Being Peace

Asia, big picture stuff, Religion

I want to respond once again to this fellow, who thinks the Burmese monks are saps for not leading an armed resistance against the military junta instead of a nonviolent protest.

The monks and their followers have caught the world’s attention, I’ll grant you that. (That and a subway token…) International pressure is probably the only hope right now, but see what good that’s done for Tibet or Darfur. Or against Iran. Or against the Taliban. I don’t need to continue. …

… These people don’t want to lose, and they’re prepared to fight a lot dirtier than the monks are.
But we already knew that.

As for Gandhi (and Martin Luther King), they knew that their opponents, bad as they were, had moral limits.

The blogger may be a graduate of the Michael Medved School of History; I don’t see many “moral limits” in the history of racial violence in America.

The American government sent the military to enforce civil rights, not suppress them. If the protestors thought they were up against similar foes, they misjudged badly. The protests are gone, and people have died.

Isn’t it only decent to ask what for?

In other words, means justify ends. But Buddhists don’t think that way. In fact, one of the differences between Eastern and Western thought is that westerners tend to think of events in terms of ends, or results, whereas easterners are more likely to think in terms of never-ending cycles of cause and effect. Ends are not, in fact, ends. Even after great victories — or defeats — the wheel of existence does not stop, and in time “ends” dissipate like smoke. Because cause and effect are locked together in a great, eternal continuum, means do not justify “ends,” ever. Even if you achieve a desired goal, sooner or later you will enjoy — or suffer — the fruits of whatever means you used to achieve it.

As my first Zen teacher said, often, “What you do to others is done to you.”

There was an article in the Spring 2007 issue of the American Buddhist magazine Tricycle — available to subscribers only, alas — about political action and nonviolence. In “The Disappearance of the Spiritual Thinker,” Pankaj Mishra wrote,

It may be hard to conceive of nonviolence as a viable force, especially as we appear to be in the midst of a worldwide upsurge of violence and cruelty. Nevertheless, the history of the contemporary world is full of examples of effective nonviolent politics. The movements for national self-determination in colonized countries, the Civil Rights movement in the United States, the velvet revolutions in Russia and Eastern Europe, the end of apartheid in South Africa, and the gradual spread of parliamentary democracy around the world–the great transformations of our time–have been essentially peaceful.

Every time a peaceful resistance is put down, somebody is bound to say they should have used guns. But when an armed insurgency is put down, or when it turns into a cycle of violence and vengeance dragging on for generations, for some reason this doesn’t count against the effectiveness of armed insurgency. And how often does the residual anger from one war blossom into the next one?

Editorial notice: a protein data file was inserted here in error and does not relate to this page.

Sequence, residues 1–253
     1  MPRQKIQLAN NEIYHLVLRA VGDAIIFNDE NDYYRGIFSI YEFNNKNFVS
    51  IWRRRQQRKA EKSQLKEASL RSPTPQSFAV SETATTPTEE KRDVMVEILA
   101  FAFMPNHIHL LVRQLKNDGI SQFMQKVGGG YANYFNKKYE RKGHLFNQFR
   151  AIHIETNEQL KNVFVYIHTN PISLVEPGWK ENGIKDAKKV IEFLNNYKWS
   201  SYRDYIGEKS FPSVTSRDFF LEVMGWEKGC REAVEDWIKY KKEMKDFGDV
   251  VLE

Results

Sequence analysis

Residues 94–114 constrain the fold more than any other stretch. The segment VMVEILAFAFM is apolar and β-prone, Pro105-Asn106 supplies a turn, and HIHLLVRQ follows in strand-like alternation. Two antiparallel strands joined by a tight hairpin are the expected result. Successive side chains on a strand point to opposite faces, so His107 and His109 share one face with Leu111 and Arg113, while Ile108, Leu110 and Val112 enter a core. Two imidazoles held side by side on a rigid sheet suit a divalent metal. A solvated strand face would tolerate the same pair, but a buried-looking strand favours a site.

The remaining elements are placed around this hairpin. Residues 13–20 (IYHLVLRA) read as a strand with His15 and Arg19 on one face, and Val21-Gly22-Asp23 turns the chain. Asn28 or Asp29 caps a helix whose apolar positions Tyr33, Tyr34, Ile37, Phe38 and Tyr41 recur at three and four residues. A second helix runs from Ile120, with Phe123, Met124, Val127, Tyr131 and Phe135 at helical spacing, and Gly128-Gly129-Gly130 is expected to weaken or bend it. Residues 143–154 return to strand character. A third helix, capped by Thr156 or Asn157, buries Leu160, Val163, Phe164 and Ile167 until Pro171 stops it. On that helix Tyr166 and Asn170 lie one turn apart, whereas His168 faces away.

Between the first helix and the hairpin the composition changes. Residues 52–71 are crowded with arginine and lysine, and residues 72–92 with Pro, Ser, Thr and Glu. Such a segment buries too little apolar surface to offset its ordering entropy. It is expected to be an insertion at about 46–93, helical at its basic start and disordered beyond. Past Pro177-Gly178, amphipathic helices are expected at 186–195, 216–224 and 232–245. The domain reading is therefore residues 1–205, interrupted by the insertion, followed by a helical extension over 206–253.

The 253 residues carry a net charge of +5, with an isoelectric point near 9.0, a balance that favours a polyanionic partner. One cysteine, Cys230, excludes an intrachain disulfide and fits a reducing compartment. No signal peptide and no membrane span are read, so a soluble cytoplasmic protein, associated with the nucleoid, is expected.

In fact, I’d say nonviolent resistance has a pretty good track record, particularly as far as long-term results are concerned.

I particularly like this next paragraph (emphasis added):

And there have been activists and thinkers in our own time, such as Gandhi, Martin Luther King, Jr., Thich Nhat Hanh, Nelson Mandela, Aung San Suu Kyi, and Václav Havel, who rejected politics as a zero-sum game (in which the other side’s loss is seen as a gain) and adopted moral persuasion and conversion as means to political ends. As the Vietnamese monk Thich Nhat Hanh wrote to Martin Luther King, Jr., after a spate of Buddhist self-immolations in Vietnam in 1965, “The monks who burned themselves did not aim at the death of the oppressors, but only at a change in their policy. Their enemies are not man. They are intolerance, fanaticism, dictatorship, cupidity, hatred, and discrimination, which lie within the heart of man.”

This touches on Pankaj Mishra’s thesis, that the western concept of “shaping history,” or pushing mankind toward some idealized future by any means, is the chief cause of much of the violence of the past couple of centuries. And I acknowledge that much of Asia got sucked into the game of shaping “history” by force — Japanese militarism of the 1930s, China under Mao. But it’s a very un-Buddhist way of interacting with the world.

“Their enemies are not man. They are intolerance, fanaticism, dictatorship, cupidity, hatred, and discrimination, which lie within the heart of man.” If you observe long enough, you notice how easily un-self-aware people become like their own enemies. Consider the McCarthyite or Bushie, eager to flush the Bill of Rights down the toilet in the name of “freedom.”

The monks of Burma make a conscious choice not to become what they are trying to defeat. They choose not to give in to intolerance, fanaticism, dictatorship, cupidity, hatred, and discrimination. That’s the point of chanting the Metta Sutta as they march. To do otherwise would betray everything they have vowed to maintain as monks.

Pankaj Mishra continued,

Imprisoned by the totalitarian regime of Czechoslovakia, Havel echoed a Buddhistic preoccupation with actions in the present moment when he warned that “the less political policies are derived from a concrete and human ‘here and now,’ and the more they fix their sights on an abstract ‘someday,’ the more easily they can degenerate into new forms of human enslavement.” In his own political practice, Gandhi opposed any mode of politics that reduced human beings into passive means to a predetermined end–it was the burden of his complaint against history. He insisted that human beings were an end in themselves, and the here and now was more important than an illusory future.